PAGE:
Performance is one of the most mean-reverting data sets in the financial universe*. What goes up must come down and what goes down sometimes comes back up, eventually.
For example, real 10-year returns for U.S. stocks going back to 1900, have averaged 6.5%. (gray line)
When 10-year returns have been twice the average, forward ten-year returns fall to just 3%. (green line)
When 10-year returns have been half the average, forward 10-year returns jump to 9.6%. (red line)
The bad news is that we have just experienced a decade where returns ran at more than twice the average historical returns. When they’ve been this extended, returns have tended to fall sharply in the following decade. The good news is that if we extend this data set to a longer horizon, we see that returns over the long-run haven’t been nearly as high, in fact they’ve been well below average thanks to two market crashes during this time period.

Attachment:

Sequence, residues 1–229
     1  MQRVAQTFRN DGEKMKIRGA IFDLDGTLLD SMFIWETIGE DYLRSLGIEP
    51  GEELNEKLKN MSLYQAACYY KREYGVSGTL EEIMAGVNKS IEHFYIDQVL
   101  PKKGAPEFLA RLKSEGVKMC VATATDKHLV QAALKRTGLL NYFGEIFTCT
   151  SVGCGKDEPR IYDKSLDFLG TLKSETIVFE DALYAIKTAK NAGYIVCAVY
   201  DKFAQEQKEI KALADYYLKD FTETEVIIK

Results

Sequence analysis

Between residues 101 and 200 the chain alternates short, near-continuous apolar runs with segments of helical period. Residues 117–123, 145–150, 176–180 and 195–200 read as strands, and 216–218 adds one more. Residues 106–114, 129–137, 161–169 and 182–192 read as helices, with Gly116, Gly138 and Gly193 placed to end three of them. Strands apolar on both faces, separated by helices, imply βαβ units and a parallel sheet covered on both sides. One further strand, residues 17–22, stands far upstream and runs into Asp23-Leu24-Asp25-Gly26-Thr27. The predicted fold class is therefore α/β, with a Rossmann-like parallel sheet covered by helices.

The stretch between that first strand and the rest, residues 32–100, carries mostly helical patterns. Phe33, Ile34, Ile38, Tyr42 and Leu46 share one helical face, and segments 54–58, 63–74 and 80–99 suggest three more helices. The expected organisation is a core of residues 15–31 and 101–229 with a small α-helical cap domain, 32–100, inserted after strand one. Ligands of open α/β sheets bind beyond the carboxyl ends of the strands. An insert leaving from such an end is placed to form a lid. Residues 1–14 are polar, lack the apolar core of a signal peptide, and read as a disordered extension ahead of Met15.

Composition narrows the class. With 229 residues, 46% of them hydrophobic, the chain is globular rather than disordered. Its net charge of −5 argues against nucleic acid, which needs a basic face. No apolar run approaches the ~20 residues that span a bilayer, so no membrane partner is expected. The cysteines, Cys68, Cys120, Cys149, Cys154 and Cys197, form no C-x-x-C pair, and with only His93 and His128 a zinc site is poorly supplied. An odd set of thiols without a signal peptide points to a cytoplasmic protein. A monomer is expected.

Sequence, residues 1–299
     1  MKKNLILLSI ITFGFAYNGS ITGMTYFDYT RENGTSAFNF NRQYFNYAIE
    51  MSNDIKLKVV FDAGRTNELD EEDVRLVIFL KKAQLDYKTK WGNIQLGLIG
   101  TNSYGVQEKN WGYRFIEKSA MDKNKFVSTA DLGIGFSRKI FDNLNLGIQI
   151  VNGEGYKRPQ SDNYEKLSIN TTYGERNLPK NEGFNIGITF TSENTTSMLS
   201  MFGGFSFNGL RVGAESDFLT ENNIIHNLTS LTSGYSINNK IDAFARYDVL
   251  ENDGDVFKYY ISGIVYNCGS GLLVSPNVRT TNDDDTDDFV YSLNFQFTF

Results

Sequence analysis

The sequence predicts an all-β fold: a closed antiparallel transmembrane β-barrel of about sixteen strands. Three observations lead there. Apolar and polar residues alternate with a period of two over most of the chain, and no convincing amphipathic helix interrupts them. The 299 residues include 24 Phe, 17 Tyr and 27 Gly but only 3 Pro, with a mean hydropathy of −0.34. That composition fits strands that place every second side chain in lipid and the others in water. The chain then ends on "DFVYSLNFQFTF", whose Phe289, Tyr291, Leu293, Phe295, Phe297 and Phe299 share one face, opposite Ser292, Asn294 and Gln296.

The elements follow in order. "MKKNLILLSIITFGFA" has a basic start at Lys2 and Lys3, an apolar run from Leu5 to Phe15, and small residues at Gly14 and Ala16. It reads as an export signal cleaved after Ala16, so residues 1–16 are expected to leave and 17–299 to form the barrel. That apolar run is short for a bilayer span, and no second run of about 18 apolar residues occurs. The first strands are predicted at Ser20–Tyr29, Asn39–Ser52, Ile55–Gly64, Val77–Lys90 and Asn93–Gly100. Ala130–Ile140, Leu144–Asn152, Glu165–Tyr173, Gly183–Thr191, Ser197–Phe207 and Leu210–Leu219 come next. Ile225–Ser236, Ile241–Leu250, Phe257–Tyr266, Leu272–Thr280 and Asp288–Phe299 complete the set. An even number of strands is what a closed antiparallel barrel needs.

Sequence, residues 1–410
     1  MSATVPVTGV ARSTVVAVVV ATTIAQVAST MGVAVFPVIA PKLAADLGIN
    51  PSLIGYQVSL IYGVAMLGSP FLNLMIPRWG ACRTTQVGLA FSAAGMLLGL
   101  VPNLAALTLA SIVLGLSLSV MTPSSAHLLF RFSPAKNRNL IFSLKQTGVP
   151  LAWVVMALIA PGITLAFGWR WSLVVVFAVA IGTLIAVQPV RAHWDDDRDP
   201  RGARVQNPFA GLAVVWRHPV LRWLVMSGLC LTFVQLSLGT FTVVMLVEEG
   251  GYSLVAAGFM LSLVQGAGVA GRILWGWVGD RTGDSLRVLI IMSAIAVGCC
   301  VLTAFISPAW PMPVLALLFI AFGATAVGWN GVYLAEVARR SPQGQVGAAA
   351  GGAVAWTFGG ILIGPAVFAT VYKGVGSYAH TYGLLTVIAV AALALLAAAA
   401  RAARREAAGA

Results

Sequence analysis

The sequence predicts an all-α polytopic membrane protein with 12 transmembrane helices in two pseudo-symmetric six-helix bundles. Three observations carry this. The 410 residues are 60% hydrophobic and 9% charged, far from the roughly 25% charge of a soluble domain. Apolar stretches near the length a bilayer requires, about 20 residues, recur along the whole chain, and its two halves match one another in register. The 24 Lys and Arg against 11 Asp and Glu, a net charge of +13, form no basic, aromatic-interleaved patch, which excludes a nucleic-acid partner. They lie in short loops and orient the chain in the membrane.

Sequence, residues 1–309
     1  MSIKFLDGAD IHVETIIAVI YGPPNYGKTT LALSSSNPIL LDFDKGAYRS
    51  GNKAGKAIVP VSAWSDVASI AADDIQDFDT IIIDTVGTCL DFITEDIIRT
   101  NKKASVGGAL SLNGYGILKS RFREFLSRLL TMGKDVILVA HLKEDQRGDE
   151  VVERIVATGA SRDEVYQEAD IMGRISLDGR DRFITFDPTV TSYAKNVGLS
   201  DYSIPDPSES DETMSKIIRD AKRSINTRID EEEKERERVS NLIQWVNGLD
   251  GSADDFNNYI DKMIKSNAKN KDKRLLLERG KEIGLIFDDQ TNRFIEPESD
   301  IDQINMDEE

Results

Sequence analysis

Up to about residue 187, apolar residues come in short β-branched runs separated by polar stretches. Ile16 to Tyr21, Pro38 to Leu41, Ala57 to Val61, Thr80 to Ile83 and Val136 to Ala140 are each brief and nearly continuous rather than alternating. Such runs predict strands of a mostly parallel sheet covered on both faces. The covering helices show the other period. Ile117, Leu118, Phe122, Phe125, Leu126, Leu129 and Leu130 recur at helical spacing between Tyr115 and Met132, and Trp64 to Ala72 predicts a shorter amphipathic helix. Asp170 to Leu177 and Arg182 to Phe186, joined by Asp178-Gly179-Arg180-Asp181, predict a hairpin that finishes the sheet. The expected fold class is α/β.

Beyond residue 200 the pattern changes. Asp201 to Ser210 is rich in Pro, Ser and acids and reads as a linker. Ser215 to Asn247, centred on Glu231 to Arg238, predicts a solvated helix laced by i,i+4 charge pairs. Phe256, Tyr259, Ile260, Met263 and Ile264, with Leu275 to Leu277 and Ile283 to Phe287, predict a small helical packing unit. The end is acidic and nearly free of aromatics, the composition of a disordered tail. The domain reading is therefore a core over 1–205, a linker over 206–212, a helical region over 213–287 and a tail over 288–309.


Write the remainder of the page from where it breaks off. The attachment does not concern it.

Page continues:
Mean reversion might be the closest thing that financial markets have to gravity, but people will see these two charts and come to six different conclusions. Even data is in the eye of the beholder.
Nick Maggiulli will be running a piece next week that looks at similar data. Be sure to catch it, he’ll be including some truly mind blowing numbers and charts.
*This idea came from this killer chart from Jim Bianco
— Liz Ann Sonders (@LizAnnSonders) January 5, 2020